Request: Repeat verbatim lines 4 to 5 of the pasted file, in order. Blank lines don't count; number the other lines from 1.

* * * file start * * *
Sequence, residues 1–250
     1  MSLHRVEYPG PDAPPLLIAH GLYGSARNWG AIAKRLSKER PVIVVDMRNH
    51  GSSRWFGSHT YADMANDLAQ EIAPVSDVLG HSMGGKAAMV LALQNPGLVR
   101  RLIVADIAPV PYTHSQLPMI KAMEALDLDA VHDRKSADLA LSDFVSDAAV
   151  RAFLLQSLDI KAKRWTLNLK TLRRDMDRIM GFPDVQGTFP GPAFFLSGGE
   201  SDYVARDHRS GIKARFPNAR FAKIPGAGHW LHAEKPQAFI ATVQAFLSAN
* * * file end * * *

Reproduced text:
   101  RLIVADIAPV PYTHSQLPMI KAMEALDLDA VHDRKSADLA LSDFVSDAAV
   151  RAFLLQSLDI KAKRWTLNLK TLRRDMDRIM GFPDVQGTFP GPAFFLSGGE